Should I do a small group tour?
I decided to write a post to help people answer the question, “should I do a small group tour?” because small group tours are becoming increasingly popular. This could be down to several reasons. Firstly, people are busy, so may like that the planning element of a trip is taken care of. Or perhaps the level of online information is too overwhelming, just too many choices. Additionally, a tour to a destination that may be considered “unsafe,” might hold appeal or to a country where the language barrier could be an issue. That said, the opportunity to meet like-minded people is often the main reason why many people choose a small group tour.
Kerry and I have been on several small group tours. As a couple, we have visited Canada and the Rockies, Romania and Northern India. In addition, I have taken two small group tours as a solo traveller. I loved walking in the Atlas Mountains of Morocco and the adventure tour I did in Turkey was fantastic. At that time, I didn’t know anyone who would be interested in accompanying me and I wouldn’t have felt confident enough to go on my own. Walking alone in the Atlas Mountains, looking back, would have been highly dangerous. My sense of direction is abysmal and it was before I had met Kerry, who is the reader of maps…
Questions to consider…
All small group tours have their pros and cons, but to begin with, there are some important things to consider. Have you decided on a destination? Do you want to explore the idea of taking a tour? I’ve compiled a list of questions, to support you in making an informed choice. Tours will work out more expensive than doing things yourself, but for many the advantages far outweigh the additional cost. That said, tours are expensive so you’ll want to ensure you are seeing the highlights of a country. Going beyond the bricks and mortar is important to us. Additionally, enjoying an immersive experience culturally. Finally, having the opportunity to explore the local culinary delights is a must!
How small is small?
The size of a “small group tour” could range from two, to up to 16 people. This depends on the mode of transport used and the company’s policy on numbers. Many will operate with a minimum requirement, check before booking depending on your preference. The tours we have taken have accommodated 16, which was a good number for us. It offerers diversity, in terms of your fellow travellers. There has been a mix of solo, friends and couples travelling. This prevents people from feeling alienated and unlike some coach tours, the low numbers enable punctual starts and convenient parking.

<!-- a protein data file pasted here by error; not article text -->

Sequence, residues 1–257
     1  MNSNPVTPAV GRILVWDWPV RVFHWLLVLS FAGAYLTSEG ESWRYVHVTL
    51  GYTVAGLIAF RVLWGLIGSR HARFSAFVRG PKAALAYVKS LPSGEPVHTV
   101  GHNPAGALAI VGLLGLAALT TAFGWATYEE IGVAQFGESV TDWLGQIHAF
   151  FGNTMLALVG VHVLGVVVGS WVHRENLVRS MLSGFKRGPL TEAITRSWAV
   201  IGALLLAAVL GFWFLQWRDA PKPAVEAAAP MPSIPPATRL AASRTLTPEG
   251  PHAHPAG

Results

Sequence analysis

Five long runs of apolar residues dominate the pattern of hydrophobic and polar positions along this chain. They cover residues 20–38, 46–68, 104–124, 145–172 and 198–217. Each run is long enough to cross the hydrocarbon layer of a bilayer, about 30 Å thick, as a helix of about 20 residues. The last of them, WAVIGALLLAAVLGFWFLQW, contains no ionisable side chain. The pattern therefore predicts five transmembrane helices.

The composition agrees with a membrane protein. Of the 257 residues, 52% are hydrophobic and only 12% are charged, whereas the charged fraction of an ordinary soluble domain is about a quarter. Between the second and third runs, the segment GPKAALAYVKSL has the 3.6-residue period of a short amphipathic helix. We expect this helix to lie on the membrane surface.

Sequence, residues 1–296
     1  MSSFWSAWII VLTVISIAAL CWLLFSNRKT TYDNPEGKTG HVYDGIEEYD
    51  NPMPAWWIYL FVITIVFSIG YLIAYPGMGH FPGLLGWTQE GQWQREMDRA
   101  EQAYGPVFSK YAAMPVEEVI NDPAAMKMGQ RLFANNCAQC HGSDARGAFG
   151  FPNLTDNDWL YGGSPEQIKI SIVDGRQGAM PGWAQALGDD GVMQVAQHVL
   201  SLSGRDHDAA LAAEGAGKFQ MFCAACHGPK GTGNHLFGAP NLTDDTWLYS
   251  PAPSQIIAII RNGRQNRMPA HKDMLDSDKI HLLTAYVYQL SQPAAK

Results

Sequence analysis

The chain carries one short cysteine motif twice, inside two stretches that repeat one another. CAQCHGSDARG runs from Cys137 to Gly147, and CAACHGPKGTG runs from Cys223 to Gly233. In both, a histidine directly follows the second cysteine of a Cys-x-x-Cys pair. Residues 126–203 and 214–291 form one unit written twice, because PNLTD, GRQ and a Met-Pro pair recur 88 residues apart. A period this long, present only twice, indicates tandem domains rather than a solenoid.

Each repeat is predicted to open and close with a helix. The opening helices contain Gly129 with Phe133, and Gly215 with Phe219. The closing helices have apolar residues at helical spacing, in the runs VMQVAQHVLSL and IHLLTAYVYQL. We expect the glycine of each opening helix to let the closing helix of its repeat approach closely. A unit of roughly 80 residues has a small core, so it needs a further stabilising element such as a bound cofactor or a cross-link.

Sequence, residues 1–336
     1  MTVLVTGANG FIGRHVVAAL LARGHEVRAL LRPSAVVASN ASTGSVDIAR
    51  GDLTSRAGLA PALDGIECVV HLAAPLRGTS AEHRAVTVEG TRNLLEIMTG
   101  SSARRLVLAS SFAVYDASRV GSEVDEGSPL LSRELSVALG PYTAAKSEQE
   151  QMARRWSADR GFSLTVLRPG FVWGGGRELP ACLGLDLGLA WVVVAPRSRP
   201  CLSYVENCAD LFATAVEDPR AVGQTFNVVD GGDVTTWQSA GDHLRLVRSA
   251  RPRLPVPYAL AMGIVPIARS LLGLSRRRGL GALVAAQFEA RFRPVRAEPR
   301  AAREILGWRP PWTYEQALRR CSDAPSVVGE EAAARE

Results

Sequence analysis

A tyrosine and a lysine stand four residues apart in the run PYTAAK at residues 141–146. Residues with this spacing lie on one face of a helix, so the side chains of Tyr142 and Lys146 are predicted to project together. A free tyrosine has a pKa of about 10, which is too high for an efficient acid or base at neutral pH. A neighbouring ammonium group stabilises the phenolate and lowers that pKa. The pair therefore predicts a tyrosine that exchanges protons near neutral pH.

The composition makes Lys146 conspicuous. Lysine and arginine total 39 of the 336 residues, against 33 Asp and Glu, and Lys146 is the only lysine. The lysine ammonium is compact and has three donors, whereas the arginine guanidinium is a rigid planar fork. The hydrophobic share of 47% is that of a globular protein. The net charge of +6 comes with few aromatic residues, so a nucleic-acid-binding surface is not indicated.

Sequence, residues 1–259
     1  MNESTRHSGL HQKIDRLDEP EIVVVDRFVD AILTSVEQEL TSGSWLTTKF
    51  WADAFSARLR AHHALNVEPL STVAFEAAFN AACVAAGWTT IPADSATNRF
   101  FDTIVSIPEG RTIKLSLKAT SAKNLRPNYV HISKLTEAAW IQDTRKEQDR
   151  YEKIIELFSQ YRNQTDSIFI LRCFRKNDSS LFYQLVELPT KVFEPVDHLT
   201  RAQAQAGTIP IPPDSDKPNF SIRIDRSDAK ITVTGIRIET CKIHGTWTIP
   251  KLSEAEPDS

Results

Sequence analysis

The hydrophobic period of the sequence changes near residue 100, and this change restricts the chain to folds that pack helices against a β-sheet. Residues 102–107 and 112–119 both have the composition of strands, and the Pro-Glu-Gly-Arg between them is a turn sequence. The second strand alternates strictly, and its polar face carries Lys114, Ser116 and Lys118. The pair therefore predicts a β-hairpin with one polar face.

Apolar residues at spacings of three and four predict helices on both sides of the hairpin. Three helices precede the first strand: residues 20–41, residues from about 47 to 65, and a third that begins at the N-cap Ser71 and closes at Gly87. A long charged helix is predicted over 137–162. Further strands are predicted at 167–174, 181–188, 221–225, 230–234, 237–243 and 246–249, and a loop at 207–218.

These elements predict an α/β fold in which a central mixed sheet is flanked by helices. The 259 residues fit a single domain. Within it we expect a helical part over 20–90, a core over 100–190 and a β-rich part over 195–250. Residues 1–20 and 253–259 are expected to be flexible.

Should I do a small group tour? Does age matter?
Many tour companies specialise in organising tours orientated towards (or indeed cap at) a specific age group. If you are over 35 for example, many (but not all!) of STA’s tours are out. Yolo tours (part of Gadventures) specify 18-30 somethings and Trek America 18-38. It’s important to check this out before you start analysing different tours, saving time and disappointment! A mix of ages is great for the group, but there are generational gaps! Give yourself the best possible chance by choosing a holiday suited to you, your interests and lifestyle.
Where do you live?
We’re based in the North of England and have discovered many small group tour companies operate from London. This can up the cost of your trip considerably. Remember to factor in travel to/ overnight accommodation. Will being far from home be an inconvenience, particularly after a long haul flight/busy tour?
Should I do a small group tour? How much money is in the pot?
It may be a good idea to start with a between ? and ? amount, that you are able to afford. The cost of your trip will depend on several factors. Knowing your budget for the actual tour, is a good place to start. It’s important to read tour notes carefully. Within the itinerary, there are probably “optional activities” which will incur additional cost. Whilst in some countries, the cost is minimal, check out the prices. We found on our Canadian tour, that activities could cost between £80 and £120 each. Cheaper or free alternatives were suggested, but include all optional extras within your costings.
The cost of eating/drinking varies vastly, across the globe, so budget accordingly. Numbeo is a great site, where you can see the average cost of common items. This will give you a rough comparison as to what you are used to. Remember to add in any additional visa costs too as well as any “gear” you may need. Walking shoes/poles, waterproof clothing or a rucksack, may be required. We find Decathlon has an excellent range of outdoor clothing/footwear and sports equipment to suit all budgets. The shop sells lots of their own brand “Quechua” which we love and are donned by the Italians!
Tent, bunk or bed with or without “facilities?”